Medicine in the age of global interdependence

BMJ 2002; 324 doi: https://doi.org/10.1136/bmj.324.7333.309 (Published 09 February 2002) Cite this as: BMJ 2002;324:309

We must do the hardest thing of all — change ourselves

  1. Richard Smith, editor,
  2. Tessa Richards, assistant editor
  1. BMJ
  2. BMJ

    “The great question of this new century is whether the age of interdependence is going to be good or bad for humanity. The answer depends upon whether we in the wealthy nations spread the benefits and reduce the burdens of the modern world, on whether the poor nations enact the changes necessary to make progress possible, and on whether we all can develop a level of consciousness high enough to understand our obligations and responsibilities to each other.”

    Bill Clinton, 26 January 20021

    “A century of destruction unlike any other befalls and blights the human race — scores of millions of ordinary people condemned to suffer deprivation upon deprivation, atrocity upon atrocity, evil upon evil, half the world or more subjected to pathological sadism as social policy, whole societies organised and fettered by the fear of violent persecution, the degradation of individual life engineered on a scale unknown throughout history, nations broken and enslaved by ideological criminals who rob them of everything, entire populations so demoralised as to be unable to get out of bed in the morning with the minutest desire to face the day … all the terrible touchstones presented by the century, and here they are up in arms about … Monica Lewinsky! … This, in 1998, is the wickedness they have to put up with. This, in 1998, is their torture, their torment, and their spiritual death.”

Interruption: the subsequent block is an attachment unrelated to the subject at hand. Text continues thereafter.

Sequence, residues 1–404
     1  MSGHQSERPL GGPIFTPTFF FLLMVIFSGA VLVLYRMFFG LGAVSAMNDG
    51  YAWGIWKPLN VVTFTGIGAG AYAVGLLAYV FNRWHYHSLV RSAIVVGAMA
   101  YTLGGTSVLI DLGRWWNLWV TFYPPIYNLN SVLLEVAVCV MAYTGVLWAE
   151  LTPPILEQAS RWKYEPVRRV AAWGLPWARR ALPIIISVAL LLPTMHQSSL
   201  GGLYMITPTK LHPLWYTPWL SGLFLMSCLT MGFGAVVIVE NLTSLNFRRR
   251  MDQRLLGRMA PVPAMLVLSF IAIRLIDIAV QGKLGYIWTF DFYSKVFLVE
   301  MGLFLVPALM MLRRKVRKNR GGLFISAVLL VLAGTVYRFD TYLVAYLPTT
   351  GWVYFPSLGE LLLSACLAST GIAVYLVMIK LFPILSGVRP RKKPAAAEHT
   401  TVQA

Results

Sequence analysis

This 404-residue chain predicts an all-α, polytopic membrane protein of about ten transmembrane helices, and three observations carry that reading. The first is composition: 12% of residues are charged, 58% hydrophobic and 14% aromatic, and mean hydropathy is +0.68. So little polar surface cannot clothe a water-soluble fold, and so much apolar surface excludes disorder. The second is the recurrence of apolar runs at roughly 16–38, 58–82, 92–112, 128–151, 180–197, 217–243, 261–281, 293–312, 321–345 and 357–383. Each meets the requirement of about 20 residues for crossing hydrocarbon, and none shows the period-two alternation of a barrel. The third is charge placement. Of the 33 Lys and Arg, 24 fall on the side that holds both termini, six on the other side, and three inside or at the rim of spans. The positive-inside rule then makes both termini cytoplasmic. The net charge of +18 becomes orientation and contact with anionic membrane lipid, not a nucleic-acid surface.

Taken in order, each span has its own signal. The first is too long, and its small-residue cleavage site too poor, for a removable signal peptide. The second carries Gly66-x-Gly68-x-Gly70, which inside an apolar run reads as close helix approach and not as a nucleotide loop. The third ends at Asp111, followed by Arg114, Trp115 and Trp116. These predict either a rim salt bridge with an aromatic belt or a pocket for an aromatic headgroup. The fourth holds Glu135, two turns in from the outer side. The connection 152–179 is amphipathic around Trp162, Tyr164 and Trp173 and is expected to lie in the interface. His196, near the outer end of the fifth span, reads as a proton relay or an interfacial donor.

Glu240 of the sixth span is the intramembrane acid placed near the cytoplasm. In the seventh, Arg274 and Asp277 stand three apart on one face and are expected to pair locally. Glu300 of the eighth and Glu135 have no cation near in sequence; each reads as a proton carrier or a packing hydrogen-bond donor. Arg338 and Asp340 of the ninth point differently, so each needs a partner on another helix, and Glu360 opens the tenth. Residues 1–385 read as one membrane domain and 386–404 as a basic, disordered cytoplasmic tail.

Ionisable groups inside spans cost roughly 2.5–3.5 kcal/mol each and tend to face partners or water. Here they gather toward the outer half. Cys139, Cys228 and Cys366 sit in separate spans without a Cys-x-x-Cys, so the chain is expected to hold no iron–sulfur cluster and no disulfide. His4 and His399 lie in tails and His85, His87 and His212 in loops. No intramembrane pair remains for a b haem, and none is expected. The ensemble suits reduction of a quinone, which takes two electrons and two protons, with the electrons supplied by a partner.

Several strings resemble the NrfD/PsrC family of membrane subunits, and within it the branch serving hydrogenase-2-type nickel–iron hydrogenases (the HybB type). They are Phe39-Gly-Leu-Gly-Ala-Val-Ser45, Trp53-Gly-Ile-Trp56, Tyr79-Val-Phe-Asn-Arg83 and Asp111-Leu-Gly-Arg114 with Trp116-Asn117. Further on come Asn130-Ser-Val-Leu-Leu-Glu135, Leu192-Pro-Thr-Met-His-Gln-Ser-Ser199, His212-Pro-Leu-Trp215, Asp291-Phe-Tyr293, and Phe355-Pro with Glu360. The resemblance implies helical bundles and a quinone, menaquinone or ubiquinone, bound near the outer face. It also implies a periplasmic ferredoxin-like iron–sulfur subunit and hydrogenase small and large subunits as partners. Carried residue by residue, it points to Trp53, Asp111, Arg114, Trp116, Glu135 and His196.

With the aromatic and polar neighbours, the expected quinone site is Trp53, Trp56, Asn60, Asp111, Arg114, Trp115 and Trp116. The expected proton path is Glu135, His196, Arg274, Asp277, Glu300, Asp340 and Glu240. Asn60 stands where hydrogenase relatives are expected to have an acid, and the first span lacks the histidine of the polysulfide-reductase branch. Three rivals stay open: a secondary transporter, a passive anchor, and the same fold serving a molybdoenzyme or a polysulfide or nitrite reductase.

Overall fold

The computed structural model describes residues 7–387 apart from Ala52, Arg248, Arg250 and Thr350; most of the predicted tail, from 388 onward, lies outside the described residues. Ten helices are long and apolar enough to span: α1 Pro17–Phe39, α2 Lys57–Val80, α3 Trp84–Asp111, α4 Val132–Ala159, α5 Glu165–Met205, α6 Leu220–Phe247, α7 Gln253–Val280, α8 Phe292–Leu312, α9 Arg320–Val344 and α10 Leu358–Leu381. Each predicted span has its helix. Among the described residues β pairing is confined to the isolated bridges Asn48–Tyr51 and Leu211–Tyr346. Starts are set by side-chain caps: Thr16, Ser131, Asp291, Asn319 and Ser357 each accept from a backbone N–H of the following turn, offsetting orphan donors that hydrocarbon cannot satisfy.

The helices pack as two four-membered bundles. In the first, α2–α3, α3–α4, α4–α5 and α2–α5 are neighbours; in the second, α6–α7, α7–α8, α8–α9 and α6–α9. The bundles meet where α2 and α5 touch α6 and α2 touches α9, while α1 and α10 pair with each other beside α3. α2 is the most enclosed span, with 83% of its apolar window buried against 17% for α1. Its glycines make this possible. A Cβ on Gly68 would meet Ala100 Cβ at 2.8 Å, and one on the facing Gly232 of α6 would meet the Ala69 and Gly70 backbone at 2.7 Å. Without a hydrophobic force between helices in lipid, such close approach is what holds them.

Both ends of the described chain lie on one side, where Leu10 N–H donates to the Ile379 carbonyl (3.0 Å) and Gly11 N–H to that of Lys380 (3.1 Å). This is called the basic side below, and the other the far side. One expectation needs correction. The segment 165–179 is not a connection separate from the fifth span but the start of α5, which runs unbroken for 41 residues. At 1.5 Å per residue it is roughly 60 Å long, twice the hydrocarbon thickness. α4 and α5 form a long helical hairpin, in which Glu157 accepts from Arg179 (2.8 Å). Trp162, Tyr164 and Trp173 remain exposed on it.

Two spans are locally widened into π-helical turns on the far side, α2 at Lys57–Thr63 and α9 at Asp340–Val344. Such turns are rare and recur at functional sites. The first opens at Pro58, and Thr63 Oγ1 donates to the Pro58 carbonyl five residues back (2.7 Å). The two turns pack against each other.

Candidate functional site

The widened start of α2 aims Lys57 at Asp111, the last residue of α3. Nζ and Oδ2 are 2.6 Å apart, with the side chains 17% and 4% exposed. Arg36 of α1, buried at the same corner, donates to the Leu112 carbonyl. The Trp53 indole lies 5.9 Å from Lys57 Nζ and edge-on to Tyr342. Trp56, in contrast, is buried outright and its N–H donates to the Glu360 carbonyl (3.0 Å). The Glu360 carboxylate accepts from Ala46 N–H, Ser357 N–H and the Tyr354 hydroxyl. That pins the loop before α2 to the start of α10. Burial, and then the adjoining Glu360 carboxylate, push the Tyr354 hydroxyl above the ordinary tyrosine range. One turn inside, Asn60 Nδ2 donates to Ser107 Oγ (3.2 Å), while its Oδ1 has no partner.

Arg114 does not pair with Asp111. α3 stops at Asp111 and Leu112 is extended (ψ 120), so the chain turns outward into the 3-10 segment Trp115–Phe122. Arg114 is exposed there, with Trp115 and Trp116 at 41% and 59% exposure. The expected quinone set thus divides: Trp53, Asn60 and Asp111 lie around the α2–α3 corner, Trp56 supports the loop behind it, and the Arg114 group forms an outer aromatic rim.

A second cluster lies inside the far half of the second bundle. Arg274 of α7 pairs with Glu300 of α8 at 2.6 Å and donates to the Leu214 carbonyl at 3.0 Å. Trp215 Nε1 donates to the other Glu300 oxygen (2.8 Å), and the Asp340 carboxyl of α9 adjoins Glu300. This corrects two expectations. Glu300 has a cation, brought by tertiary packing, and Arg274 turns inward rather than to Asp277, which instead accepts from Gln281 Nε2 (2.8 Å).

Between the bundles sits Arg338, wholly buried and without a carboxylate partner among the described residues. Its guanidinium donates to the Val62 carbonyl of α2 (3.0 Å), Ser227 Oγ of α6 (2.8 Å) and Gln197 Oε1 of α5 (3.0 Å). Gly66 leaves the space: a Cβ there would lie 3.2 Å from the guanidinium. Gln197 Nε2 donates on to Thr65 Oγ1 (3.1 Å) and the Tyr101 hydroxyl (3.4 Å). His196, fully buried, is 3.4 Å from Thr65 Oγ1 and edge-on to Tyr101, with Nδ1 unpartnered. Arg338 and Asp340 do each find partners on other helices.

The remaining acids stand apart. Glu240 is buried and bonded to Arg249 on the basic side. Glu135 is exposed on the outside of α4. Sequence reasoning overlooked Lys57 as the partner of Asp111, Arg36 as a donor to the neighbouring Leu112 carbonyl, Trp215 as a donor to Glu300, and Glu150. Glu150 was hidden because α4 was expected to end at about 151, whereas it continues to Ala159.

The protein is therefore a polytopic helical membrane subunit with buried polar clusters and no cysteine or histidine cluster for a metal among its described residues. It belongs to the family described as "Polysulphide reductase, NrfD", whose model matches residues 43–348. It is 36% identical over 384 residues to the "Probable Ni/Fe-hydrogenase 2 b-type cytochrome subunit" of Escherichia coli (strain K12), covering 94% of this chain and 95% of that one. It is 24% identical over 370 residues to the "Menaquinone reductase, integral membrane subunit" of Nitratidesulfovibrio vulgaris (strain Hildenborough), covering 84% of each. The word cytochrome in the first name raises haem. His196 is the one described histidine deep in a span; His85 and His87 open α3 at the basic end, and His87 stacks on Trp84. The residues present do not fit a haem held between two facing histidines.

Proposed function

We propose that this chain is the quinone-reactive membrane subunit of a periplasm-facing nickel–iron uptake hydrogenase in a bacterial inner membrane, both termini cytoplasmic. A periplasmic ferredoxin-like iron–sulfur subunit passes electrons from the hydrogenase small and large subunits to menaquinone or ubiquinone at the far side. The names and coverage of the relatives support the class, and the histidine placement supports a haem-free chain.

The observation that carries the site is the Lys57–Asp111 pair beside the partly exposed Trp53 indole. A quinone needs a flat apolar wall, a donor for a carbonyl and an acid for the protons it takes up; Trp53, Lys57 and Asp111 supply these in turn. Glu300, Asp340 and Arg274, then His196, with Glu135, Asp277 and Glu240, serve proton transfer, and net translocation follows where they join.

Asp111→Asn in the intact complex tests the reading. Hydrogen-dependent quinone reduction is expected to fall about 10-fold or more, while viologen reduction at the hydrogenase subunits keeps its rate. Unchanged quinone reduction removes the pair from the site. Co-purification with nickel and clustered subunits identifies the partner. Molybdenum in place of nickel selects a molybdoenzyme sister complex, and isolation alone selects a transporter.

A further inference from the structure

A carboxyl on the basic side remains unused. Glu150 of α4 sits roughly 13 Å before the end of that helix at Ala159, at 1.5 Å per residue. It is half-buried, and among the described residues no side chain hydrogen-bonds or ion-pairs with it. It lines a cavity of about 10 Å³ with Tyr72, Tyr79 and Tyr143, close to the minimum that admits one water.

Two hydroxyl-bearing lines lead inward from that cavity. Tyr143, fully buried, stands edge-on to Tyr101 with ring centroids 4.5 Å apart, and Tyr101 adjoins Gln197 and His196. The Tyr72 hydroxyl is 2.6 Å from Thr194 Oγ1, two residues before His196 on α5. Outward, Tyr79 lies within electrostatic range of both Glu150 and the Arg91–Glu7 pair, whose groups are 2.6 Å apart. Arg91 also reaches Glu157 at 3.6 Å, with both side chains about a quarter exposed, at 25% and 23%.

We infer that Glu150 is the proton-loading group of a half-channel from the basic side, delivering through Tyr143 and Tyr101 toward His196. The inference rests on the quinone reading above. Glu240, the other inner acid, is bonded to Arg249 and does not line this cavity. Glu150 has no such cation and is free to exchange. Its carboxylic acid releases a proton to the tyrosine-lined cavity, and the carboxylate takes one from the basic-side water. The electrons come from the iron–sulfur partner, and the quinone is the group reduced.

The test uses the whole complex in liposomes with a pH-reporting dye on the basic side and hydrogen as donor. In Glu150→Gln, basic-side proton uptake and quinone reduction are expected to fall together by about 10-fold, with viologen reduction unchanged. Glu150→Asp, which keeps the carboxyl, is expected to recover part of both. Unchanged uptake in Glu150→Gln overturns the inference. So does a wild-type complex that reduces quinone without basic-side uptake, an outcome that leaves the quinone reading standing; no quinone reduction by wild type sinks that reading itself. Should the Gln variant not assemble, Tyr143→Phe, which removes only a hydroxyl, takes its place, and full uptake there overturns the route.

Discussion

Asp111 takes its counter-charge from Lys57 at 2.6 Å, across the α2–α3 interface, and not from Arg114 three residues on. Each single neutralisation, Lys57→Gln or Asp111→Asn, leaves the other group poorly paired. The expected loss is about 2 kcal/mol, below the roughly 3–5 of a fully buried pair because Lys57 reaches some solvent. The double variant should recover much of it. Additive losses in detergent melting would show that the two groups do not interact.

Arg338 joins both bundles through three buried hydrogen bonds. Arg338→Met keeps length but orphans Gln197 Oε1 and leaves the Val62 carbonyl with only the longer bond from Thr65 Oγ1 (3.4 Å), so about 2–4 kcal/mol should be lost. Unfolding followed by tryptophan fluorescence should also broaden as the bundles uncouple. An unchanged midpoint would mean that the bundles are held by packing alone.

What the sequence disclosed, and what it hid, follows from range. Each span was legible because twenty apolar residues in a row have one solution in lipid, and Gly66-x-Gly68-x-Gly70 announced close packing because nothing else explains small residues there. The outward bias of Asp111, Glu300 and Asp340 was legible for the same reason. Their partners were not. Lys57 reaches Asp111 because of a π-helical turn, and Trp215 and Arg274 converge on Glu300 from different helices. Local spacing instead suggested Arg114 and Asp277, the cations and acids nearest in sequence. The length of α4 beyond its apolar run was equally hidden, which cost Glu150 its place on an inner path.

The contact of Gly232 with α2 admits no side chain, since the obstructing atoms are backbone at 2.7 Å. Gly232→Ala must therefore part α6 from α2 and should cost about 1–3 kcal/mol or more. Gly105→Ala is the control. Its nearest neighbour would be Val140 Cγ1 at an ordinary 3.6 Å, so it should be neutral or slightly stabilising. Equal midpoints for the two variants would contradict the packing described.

Philip Roth, The Human Stain2

    Can we make sense of what is happening in …

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